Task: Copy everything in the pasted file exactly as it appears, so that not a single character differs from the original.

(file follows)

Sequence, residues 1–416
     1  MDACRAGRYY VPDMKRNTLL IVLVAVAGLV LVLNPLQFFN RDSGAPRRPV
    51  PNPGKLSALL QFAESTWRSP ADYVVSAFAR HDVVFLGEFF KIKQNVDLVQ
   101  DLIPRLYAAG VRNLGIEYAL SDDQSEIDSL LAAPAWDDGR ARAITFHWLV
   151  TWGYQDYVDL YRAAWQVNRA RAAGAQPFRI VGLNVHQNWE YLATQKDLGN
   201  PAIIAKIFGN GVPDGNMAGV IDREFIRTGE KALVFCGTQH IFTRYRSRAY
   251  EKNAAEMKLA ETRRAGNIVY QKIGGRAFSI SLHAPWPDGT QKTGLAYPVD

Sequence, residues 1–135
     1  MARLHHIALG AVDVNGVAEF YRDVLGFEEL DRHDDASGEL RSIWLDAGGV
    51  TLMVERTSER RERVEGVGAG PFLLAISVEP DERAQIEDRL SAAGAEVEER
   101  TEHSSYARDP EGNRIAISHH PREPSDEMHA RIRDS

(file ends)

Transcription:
Sequence, residues 1–416
     1  MDACRAGRYY VPDMKRNTLL IVLVAVAGLV LVLNPLQFFN RDSGAPRRPV
    51  PNPGKLSALL QFAESTWRSP ADYVVSAFAR HDVVFLGEFF KIKQNVDLVQ
   101  DLIPRLYAAG VRNLGIEYAL SDDQSEIDSL LAAPAWDDGR ARAITFHWLV
   151  TWGYQDYVDL YRAAWQVNRA RAAGAQPFRI VGLNVHQNWE YLATQKDLGN
   201  PAIIAKIFGN GVPDGNMAGV IDREFIRTGE KALVFCGTQH IFTRYRSRAY
   251  EKNAAEMKLA ETRRAGNIVY QKIGGRAFSI SLHAPWPDGT QKTGLAYPVD

Sequence, residues 1–135
     1  MARLHHIALG AVDVNGVAEF YRDVLGFEEL DRHDDASGEL RSIWLDAGGV
    51  TLMVERTSER RERVEGVGAG PFLLAISVEP DERAQIEDRL SAAGAEVEER
   101  TEHSSYARDP EGNRIAISHH PREPSDEMHA RIRDS